Stoves and the Maasai economy
As unique as the Maasai may seem to be in their dress and practices, they are very connected to the larger world around them. Their culture, like all cultures, is dynamic and subject to change.
We see more farm machines where there is land and sufficient rain for larger plots. Businesses spring up for cell phone charging, kerosene supply, and dispensing food and drink. There are motorcycle transport services available for a hire even in remote villages.
However, improvements to home conditions have been left behind, and our stoves and solar systems are bringing them up along with the rest of the social structures. Men do not spend much time in any one of the homes of their wives, so the quality of the living space had not been a concern for them until recently.
As long as women did not know that their living space could be so much more healthy and pleasant, the pressure to bring these changes about did not exist. Now that it is known, the home has a new role in the economy.
Wealth in the Maasai economy
Wealth for the men in the Maasai culture is measured in terms of possession of cows, goats, wives, and bomas, or settlements where their wives and children live.
As men live through the stages of their lives, they might accumulate a large number of wives and children and then discover they need help from their sons and sons-in-law to take care of everyone in their large family.
The men still control most of the disposable income in the Maasai communities, although small goat holdings and control of money from small farming plots are becoming more common for women.
As contact with urban life increases, there is more need for cash. Cell phones, motorcycles, radios, and televisions are becoming part of the Maasai environment. Cows and goats become more “liquid” in such an environment, and less of a resource to hold.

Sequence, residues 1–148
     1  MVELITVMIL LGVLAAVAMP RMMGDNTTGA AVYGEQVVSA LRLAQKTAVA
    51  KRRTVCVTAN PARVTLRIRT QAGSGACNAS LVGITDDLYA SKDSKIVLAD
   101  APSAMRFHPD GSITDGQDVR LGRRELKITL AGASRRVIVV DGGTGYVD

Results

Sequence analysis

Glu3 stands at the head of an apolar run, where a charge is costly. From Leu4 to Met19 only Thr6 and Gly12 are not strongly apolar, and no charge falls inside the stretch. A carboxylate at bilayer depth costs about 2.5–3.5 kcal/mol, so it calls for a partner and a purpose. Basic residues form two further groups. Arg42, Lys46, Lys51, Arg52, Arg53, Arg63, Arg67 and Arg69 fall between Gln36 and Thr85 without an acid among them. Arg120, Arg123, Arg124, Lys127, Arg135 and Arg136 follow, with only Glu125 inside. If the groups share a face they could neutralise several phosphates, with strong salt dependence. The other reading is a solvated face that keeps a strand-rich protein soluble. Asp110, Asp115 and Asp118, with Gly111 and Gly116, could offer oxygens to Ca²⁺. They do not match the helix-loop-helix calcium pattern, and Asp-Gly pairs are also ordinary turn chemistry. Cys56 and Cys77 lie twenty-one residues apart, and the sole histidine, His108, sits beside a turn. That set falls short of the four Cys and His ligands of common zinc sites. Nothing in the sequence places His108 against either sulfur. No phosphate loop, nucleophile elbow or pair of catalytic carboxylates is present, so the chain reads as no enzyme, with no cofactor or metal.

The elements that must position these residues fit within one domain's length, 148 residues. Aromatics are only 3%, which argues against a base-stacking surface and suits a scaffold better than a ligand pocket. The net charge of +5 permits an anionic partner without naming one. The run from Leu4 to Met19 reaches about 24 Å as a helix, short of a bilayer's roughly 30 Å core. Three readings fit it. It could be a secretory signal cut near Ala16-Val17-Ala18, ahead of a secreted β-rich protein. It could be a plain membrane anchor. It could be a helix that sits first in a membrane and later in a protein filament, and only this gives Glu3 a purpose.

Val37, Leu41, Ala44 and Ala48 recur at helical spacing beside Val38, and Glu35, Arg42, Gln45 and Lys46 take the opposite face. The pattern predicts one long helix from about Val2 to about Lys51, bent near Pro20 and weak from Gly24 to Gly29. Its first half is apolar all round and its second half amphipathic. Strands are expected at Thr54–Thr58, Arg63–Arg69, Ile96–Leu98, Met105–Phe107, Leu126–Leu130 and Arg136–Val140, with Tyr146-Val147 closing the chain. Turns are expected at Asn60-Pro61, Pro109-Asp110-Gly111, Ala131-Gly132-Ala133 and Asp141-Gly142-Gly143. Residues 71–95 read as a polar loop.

How the Maasai pay for stoves and solar systems
Our work with the Maasai is primarily concerned with the appropriateness and high quality of what we provide. At the time we initiated the Project, the smoke situation in the Maasai home was so dangerous that we knew we could not risk introducing a stove that would not be successful in solving the challenge.
- Therefore the costs of the Project solutions are determined by the need for function and not the need for maximizing profits
This means that our organization has to provide the difference between what Maasai can pay for the products and the actual product costs, which are not fixed.
As value is perceived, willingness to pay changes. So it is part of our task to prove to a wider and wider audience that the stoves enable profound improvements. We are not selling a commodity. We are providing a chance to change to a much better life.
Our Project is very welcome in the culture. It puts women and children first, not the usual practice in this culture, and therefore represents unprecedented change.
There is universal learning going on worldwide about more equality for women and more attention to women’s needs and interest. Our Project is proud to be a part of that.
And as appreciation for the important and positive impact of our work grows, in this context of human development and human rights, the willingness to pay will increase.
Local solutions stimulate the economy
Sourcing locally whenever possible is integral to our philosophy. It reduces our footprint while strengthening the economy of those who need it the most. Our manufacturing plant is right in the area. As we grow, we will continue to keep production in the same vicinity as installation sites, providing jobs while minimizing transportation costs.
A sample of labor and goods purchased on an ongoing basis
A stove requires about 120 bricks, and we can purchase them at the rate of 16 to the dollar.
Our installation teams need saws, spirit levels, pliers, trowels, shovels, pails, and ladders. Ladders are homemade, but we buy the rest at local hardware stores. Prices are slightly lower than in the U.S. Tool quality is often low and they have to be replaced often.
Steel sheets, just under 2 mm think cost approximately $14 for the steel needed in one stove fire box.
A new Japanese motorcycle costs $1600 in Tanzania.